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Toronto Raptors (56-26)

First round: Beat Indiana in seven games.
Conf. semis: Beat Miami in seven games.
Pace: 92.0 (12)
OffRtg: 99.4 (11)
DefRtg: 101.5 (6)
NetRtg: -2.1 (9)

Regular season: Team stats | Player stats | Lineups
vs. Cleveland: Team stats | Player stats | Lineups
Playoffs: Team stats | Player stats | Lineups

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Raptors playoff notes:

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The matchup

Season series: Raptors won 2-1 (Home team won all three games).
Nov. 25 – Raptors 103, Cavs 99
Jan. 4 – Cavs 122, Raptors 100
Feb. 26 – Raptors 99, Cavs 97

Pace: 89.6
CLE OffRtg: 119.7 (1st vs. TOR)
TOR OffRtg: 111.1 (5th vs. CLE)

Matchup notes:

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Blogtable: Which teams will win in the conference finals?

Each week, we’ll ask our stable of scribes across the globe to weigh in on the most important NBA topics of the day — and then give you a chance to step on the scale, too, in the comments below.


BLOGTABLE: Key player in West finals? | Key player in East finals? |
Which teams will reach The Finals?


> Your prediction for the Western Conference finals and the Eastern Conference finals? Who will win and why?

David Aldridge, TNT analyst: Warriors in seven. This is going to be one great series, with star power coming out of its pores. It’s taken a long time, but OKC finally got strong play from its supporting cast in toppling San Antonio, and the thought here is that guys like Steven Adams, Dion Waiters and Enes Kanter should be able to continue that stretch against the Warriors, who enter the series banged up. If Andrew Bogut‘s adductor is an issue throughout the series, OKC’s size will have an even greater impact. The reasons for sticking with GSW are these: 1) Klay Thompson does as good a job as anyone I’ve seen guarding Russell Westbrook. He doesn’t stop him, of course, but he makes it as hard as possible, not allowing Russ to break him down off the dribble. 2) Haven’t seen anyone slow down the Lineup of Death all season, and I don’t see the Thunder having the solution to it, either. 3) One team has the MVP, who makes shots no one else would even contemplate taking, and makes them. The other doesn’t. Fin.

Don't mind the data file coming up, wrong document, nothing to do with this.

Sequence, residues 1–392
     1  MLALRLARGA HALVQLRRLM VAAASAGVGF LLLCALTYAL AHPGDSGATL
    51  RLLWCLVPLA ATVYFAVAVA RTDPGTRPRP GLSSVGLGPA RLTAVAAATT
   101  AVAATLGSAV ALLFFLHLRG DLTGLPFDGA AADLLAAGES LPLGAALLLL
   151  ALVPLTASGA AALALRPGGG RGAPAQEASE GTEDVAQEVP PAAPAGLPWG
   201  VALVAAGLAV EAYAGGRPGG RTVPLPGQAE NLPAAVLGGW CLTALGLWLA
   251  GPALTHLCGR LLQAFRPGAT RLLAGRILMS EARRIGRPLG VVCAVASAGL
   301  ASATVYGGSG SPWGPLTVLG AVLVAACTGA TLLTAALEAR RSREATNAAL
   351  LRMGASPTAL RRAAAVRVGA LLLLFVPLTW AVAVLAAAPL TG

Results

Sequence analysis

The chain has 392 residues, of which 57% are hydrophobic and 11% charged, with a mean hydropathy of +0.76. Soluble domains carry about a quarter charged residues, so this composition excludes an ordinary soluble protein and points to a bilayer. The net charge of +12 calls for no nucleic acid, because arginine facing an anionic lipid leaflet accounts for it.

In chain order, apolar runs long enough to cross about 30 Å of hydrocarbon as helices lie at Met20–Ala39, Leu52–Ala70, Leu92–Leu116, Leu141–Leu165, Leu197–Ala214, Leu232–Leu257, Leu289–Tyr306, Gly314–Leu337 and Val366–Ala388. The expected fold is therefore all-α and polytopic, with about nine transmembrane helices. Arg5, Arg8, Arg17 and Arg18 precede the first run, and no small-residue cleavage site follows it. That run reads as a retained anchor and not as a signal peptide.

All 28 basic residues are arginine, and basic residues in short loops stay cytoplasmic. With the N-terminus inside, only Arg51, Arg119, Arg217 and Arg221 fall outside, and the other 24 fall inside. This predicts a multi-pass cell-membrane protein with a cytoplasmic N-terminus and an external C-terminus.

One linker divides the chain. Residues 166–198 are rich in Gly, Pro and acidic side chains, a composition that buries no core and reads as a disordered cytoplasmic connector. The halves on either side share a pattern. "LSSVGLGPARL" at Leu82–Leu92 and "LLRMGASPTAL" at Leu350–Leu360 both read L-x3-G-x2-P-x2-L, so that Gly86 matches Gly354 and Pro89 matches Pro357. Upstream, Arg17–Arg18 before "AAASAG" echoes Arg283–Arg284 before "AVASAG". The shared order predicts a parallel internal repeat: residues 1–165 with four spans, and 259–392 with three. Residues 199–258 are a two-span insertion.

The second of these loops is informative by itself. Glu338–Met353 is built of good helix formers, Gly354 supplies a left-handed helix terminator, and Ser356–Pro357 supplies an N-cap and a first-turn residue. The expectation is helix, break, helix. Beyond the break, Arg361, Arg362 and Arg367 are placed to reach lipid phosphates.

In the East, it’s Cavaliers in six. So glad for Kyle Lowry and DeMar DeRozan, who faced down their playoff demons from past years (and the Indiana series in this year’s first round) to take their team somewhere it’s never been. But it ends against a Cleveland team that just has too many players clicking on too many cylinders. Yes, the Raps won the regular season series. But that Cavs team is buried somewhere near the old Richfield Coliseum. This one has been hyper-hot behind the three-point line, and even if that cools off a bit, Cleveland’s found chemistry that it lacked for long stretches of the regular season. A healthy Kevin Love and Kyrie Irving have made a huge difference, and LeBron James has gotten a week’s rest. Too many weapons, too much motivation to return to The Finals.

Steve Aschburner, NBA.comI’m already on record in our series preview as picking Cleveland in 5. The Cavaliers’ 3-point tsunami, even if it’s not quite what it was against Atlanta, still is going to be too much for Toronto, which has trouble scoring even against less potent opponents.